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Gardeners often grow the American native Virginia sweetspire as an attractive hedge plant. The main branches grow upright and then arch gracefully, giving it a rounded appearance that makes it a fine specimen plant as well. Most growers value it for its showy, finger-like masses of creamy white flowers. Usually in the autumn, it puts on a colorful show when its deep green leaves turn red to reddish-purple. The shrub generally lacks winter interest because it is deciduous, meaning that it drops its leaves during the winter.
The Virginia sweetspire belongs to the Grossulariaceae, the gooseberry or currant family. Botanists label it as Itea virginica. I. virginica is the only species native in the U.S. of the Itea genus. Sometimes people refer to it simply as sweetspire or sweet spire.
Like its close relative Itea ilicifolia, Virginia sweetspire has flowers that are borne in dense racemes up to 6 inches (15 cm) long. A raceme is an elongated stalk bearing clusters of individual flowers. The Itea ilicifolia flowers droop like tails from fireworks, but the Virginia sweetspire racemes are more erect. The cultivar 'Henry's Garnet' has larger flowers, but the typical sweetspire plant's individual flowers are about 0.5 inches (9 mm) in diameter.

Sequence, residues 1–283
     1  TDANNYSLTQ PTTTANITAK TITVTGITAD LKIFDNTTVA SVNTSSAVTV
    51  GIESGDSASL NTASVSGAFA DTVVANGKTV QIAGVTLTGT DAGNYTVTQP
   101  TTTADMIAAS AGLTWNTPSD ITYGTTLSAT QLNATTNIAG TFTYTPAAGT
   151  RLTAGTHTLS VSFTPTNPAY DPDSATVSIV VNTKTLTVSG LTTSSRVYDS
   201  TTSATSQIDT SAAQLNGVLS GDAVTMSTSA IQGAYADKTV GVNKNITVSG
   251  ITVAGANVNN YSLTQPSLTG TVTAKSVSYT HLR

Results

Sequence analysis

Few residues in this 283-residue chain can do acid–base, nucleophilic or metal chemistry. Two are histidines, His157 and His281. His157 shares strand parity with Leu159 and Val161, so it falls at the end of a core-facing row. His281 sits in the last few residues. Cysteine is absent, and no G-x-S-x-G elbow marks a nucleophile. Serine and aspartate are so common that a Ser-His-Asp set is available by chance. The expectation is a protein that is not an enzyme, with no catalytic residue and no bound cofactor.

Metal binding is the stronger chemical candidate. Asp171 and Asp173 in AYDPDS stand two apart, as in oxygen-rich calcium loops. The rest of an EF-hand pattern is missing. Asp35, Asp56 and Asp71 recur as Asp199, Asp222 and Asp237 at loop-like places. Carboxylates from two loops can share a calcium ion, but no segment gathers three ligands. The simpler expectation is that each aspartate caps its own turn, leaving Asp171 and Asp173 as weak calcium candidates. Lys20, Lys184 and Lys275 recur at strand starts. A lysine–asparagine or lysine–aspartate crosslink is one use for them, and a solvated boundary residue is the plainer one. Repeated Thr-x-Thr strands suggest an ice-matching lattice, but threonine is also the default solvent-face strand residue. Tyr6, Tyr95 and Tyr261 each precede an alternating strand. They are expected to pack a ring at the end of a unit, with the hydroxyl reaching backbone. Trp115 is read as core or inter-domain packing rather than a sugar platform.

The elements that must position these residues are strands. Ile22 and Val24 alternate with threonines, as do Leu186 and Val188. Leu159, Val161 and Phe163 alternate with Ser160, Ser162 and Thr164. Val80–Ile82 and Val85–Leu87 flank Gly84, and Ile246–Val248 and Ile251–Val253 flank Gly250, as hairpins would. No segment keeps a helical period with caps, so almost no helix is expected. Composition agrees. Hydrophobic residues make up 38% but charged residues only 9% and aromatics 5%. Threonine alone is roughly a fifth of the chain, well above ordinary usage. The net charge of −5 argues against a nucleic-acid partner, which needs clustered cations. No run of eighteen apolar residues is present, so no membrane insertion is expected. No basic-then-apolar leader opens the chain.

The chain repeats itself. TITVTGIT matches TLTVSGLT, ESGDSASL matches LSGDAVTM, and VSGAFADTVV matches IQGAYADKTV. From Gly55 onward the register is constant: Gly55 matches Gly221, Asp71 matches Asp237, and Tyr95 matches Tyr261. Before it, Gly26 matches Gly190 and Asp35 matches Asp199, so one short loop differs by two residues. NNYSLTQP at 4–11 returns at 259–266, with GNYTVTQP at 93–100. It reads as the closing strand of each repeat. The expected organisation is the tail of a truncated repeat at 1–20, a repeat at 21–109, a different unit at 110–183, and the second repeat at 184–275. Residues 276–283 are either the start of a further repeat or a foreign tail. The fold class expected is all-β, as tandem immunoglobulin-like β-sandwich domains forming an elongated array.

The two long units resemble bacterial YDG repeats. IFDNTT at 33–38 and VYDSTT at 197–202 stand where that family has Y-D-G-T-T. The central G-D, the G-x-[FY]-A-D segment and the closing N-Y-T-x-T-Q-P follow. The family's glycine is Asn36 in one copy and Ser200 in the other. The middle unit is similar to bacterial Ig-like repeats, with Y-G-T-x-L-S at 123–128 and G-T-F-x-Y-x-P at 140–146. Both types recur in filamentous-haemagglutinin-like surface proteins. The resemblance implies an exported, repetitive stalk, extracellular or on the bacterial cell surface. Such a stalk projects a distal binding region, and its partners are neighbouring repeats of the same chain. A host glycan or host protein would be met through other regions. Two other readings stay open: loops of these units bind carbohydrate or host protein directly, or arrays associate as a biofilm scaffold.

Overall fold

The leaves of the Virginia sweetspire plants generally are elliptic to oblong shaped and finely toothed. Although they may be light green in the spring, they mature to a dark green in the summer. In the autumn, they put on a colorful show. Like most of the Itea plants, usually the leaves are up to 4 inches (10 cm) long.
Typically, the Virginia sweetspire shrub reaches heights of 5 to 10 feet (1.5 to 3 m) with a spread of 5 to 10 feet (1.5 to 3 m) across. 'Henry's Garnet' is small and generally grows to be about 3 to 4 feet (1 to 1.2 m) tall and 6 feet (2 m) wide. It is native to parts of the eastern U.S. and thrives in climates similar to that. On the United States Department of Agriculture's hardiness chart, it is in zones six through nine. Often it thrives in temperate climates where the soil is moist but not soggy.
In southern Texas, gardeners plant the Virginia sweetspire for erosion control. Many gardeners use it in native plant gardens. Since it may thrive in partial shade or full sun, many landscapers use it at the edge of woodlots and along fence lines. In June and July, it delights its owners with masses of its fragrant flowers.
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